Annie Pootoogook remembered during MMIW vigil attended by PM Trudeau

Prime Minister Justin Trudeau became the first prime minister to ever attend the annual vigil on Parliament Hill for murdered and missing Indigenous women

Jorge Barrera
APTN National News
Prime Minister Justin Trudeau became the first prime minister to ever attend the annual vigil on Parliament Hill for murdered and missing Indigenous women on a day when the focus centred on the recent death of Inuit artist Annie Pootoogook.

Trudeau spoke at the vigil Tuesday with the Peace Tower rising behind him while Pootoogook’s cousin Kilatja Simeonie sat on the steps before him holding a large photograph of Pootoogook whose image appeared among the dozens held by the family members of the missing and murdered who are remembered on this day.

“It is always a sad moment of reflection to remember the sisters who’ve left us, who were taken from us, the families that were left behind and the hope that was extinguished with their disappearance,” said Trudeau. “I hope we continue to gather on these steps for as long as parliament behind me stands, for many, many decades and centuries, to remember the beautiful sisters who were taken from us that we weren’t able to protect.”

Pootoogook’s body was found in the Rideau River on Sept. 19 about two kilometres northeast of Parliament Hill.

Shortly before he spoke Trudeau shook hands with Simeonie. Simeonie said she was grateful to the prime minister for choosing to attend a vigil.

“It feels so special because it seems like for the first time an Inuk member is in this ritual,” said Simeonie. “It’s sad to see lots of Indigenous women being missing and murdered.”

Pootoogook’s brother Pauloose Joanasie also attended the vigil and he spoke words of thanks in Inuktitut to the crowd for honouring his sister’s life.

As he was walking away from the lawn of Parliament Hill he said he was surprised the prime minister appeared at the vigil.

“I didn’t expect to see him,” said Joanasie. “My heart is so light, so happy.”

The vigil, now in its eleventh year, often featured speeches calling for a national public inquiry into the disproportionate number of murdered and missing Indigenous women. On Tuesday, many of those speeches criticized the approach and pace of the inquiry and the Trudeau government.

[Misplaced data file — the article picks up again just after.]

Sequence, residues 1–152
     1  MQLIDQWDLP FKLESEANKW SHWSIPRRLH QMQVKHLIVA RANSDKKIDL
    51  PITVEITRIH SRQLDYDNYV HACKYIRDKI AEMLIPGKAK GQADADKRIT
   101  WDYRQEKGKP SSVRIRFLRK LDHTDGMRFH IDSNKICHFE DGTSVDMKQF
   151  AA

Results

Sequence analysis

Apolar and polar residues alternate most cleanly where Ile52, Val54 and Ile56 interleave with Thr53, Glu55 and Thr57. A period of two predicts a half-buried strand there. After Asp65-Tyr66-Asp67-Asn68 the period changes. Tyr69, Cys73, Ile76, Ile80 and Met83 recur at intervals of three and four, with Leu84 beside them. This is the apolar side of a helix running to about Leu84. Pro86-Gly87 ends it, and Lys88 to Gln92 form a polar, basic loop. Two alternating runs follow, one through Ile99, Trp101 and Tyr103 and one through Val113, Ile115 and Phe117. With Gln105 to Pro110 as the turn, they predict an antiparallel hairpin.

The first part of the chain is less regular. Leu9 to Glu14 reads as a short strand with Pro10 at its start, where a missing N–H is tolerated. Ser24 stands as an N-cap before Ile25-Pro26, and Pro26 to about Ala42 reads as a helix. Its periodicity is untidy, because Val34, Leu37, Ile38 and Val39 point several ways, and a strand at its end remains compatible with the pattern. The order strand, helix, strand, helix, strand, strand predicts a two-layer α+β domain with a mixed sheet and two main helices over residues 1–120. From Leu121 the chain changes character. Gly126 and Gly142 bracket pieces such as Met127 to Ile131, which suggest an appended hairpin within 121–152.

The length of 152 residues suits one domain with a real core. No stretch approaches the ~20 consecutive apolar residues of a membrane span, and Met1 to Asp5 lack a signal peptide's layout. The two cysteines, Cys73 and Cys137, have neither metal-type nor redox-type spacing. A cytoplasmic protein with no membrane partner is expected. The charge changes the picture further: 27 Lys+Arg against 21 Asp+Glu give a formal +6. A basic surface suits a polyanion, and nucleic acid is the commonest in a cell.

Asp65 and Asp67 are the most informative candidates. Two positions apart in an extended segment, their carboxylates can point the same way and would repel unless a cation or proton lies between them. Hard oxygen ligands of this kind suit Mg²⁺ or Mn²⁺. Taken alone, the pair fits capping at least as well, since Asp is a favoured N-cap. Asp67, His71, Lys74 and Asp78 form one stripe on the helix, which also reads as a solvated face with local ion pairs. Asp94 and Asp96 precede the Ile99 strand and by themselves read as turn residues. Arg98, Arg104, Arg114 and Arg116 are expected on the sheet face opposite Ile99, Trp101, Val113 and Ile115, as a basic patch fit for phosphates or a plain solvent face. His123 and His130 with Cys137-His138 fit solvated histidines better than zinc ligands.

The inquiry, headquartered in Vancouver, is still slowly coming together and likely won’t hold hearings this year.

“I for one am tired of standing in front of the house of broken promises that they have given us over and over,” said Laurie Odjick, whose daughter Maisy Odjick vanished without a trace in 2008. “A national inquiry was launched, we gathered as families and we shared our journeys and our pain and our grief and yet we still feel like we are forgotten, no answers. Shame on them.”

Connie Greyeyes, whose cousin was murdered in 1993, echoed Odjick’s statements.

“Their reconciliation looks a lot like colonization,” said Greyeyes.

Kilatja Simeonie shakes Prime Minister Trudeau's hand on Tuesday during MMIW vigil.
Kilatja Simeonie shakes Prime Minister Trudeau’s hand on Tuesday during MMIW vigil.

Pootoogook’s case encompasses many of the elements that turned the issue of murdered and missing Indigenous women into a national tragedy which lead to the creation of a public inquiry.

Ottawa police initially announced no foul play caused the death, then, a week later, reversed position and said it was suspicious.

In the midst of this, an Ottawa police officer posted racist online comments in response to a story about Pootoogook. Ottawa’s police Chief Charles Bordeleau announced he was looking into the comments, but later said he did not believe any of his officers were racist. Ottawa’s Mayor Jim Watson fell short of calling the comments racist.

Pauloose Joanasie (left), Sytukie Joamie (centre),  Kilatja Simeonie (right).
Pauloose Joanasie (left), Sytukie Joamie (centre), Kilatja Simeonie (right).

Pootoogook lived her last days in fear from what she told friends was an abusive relationship. She moved through the margins of the city. Police investigators are having trouble piecing together the events that led her to the river.

“I wish Annie was standing here, but she was found in the river. The systematic racism started already. The systematic injustice started already,” said Sytukie Joamie, Pootoogook’s second cousin and an Inuit community worker, during his speech. “Annie was afraid to go near the water, yet she was found in the water. In this capital of this nation, one of our sisters was found under very suspicious circumstances, yet … the police said there was no suspicion. The Inuit community, when we heard about Annie being found, we knew right away that it was suspicious, because nobody walks into the water….It is shameful the police said there was no suspicion.”

Simeonie said she still struggles with Pootoogook’s death.

“I’m hurt, saddened, crying,” she said. “Even sleepless nights. It’s so shocking. She is suddenly gone.”

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@JorgeBarrera